Join a webinar on Family Participatory Care in India Partnering with families to care for small and sick newborns

Pratima provides Kangaroo Mother Care to her newborn baby at a transformed labour room in the Community Health Center Kachhwan in Uttar Pradesh, India, in September 2017. ©UNICEF/Prashanth Vishwanathan


Monday 24 September, 2018 at 10 am GMT, noon CEST, 1 pm EAT, 3:30 pm IST (duration: 1 hour)

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The Network for Improving Quality of Care for Maternal, Newborn and Child Health is organizing a webinar on ‘Family participatory care in India: partnering with families to care for small and sick newborns’.

Over a decade ago, Prof. Arti Maria and her team attempted to somehow alleviate a shortage of healthcare staff in neonatal care by involving the parents and relatives of sick and small newborns in the care of their baby and training them in simple care practices. The idea was presented to the Ministry of Health & Family Welfare and Norway India Partnership Initiative (NIPI) who supported the pilot demonstration of this innovative idea for implementation in five public health settings in four states of India.

While this approach, known as family participatory care, has not diminished the need for qualified healthcare staff, it has demonstrated how involving families in the care of their newborn changes the relationship between providers and recipients of care, transforms the experience of care for these families, and improves the overall quality of care of the baby.

Family participatory care started in one hospital - Dr Ram Manohar Lohia Hospital in New Delhi – in 2007 and has grown to become a national programme, supported by the Ministry of Health & Family Welfare of India. It is being applied in 104 facilities in five states and is still expanding as part of the Government’s efforts to improve quality of care for mothers and newborns.

This webinar will present how the family participatory care approach started, how health workers in facilities are using it, and how the Ministry of Health has turned it into a national programme.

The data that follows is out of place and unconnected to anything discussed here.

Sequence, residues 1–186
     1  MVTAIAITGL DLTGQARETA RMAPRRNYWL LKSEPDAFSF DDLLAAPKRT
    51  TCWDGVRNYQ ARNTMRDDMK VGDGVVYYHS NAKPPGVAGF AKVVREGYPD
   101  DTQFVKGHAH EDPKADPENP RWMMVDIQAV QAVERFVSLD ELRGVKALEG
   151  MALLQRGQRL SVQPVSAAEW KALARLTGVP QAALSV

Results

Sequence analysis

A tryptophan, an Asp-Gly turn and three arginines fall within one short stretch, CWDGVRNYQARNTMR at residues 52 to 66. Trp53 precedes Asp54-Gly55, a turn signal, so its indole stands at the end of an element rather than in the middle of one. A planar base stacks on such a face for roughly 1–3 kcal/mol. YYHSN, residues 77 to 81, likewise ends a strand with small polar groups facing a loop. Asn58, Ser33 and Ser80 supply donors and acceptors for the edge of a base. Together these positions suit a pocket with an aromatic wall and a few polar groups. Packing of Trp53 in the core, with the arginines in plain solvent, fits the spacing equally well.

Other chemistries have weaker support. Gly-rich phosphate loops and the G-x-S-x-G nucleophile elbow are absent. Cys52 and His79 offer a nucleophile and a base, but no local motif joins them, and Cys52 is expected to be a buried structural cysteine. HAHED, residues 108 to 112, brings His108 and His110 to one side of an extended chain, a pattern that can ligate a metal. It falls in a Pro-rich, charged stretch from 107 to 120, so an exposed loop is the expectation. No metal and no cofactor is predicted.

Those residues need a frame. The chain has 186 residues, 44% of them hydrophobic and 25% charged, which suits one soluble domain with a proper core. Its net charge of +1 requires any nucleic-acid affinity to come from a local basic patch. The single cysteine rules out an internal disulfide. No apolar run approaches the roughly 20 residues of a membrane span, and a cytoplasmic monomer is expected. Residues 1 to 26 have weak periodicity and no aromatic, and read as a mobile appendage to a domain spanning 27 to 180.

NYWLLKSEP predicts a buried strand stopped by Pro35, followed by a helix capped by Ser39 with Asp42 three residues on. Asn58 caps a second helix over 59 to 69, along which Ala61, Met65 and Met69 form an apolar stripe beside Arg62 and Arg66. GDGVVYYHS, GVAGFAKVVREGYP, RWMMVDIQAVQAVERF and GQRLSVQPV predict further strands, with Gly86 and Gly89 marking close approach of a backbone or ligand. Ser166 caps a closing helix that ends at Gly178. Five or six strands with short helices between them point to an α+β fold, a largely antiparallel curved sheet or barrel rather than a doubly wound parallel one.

The presentations will be followed by a Q & A session.


·         Dr.P. K. Prabhakar, Deputy Commissioner for Child Health at the Ministry of Health & Family Welfare, Government of India

·         Prof. Arti Maria, Head of Neonatology at the Dr Ram Manohar Lohia Hospital, New Delhi, India

·         Dr Harish Kumar, Senior Programme Director at Jhpiego, India

Who should join: Implementers and managers of maternal; and child health programmes, healthcare facility managers, NGOs, healthcare professionals.

See the details on all previous Quality of Care Network’s webinars:


I am happy to note that at least now the strength of front line workers in improving mother and newborn care in countries like India is being recognized.In our own small way we have been steadily introducing the concept of demystifying the newborn care and introducing in community through voluntary service organizations, a few community based studies and studies through ICMR and some of our own field practice areas.
In 1984 we introduced the theme of care of the newborns in rural areas.through 5th annual convention of national Neonatology Forum
Recently we have introduced Kangaroo Mother Care along with other components of essential newborn care in remote resource restricted villages after studying the safety, feasibility and acceptability in those communities through trained and supervised front line workers with good results. There are many such examples of the strengths of front line workers who are well trained and supported.

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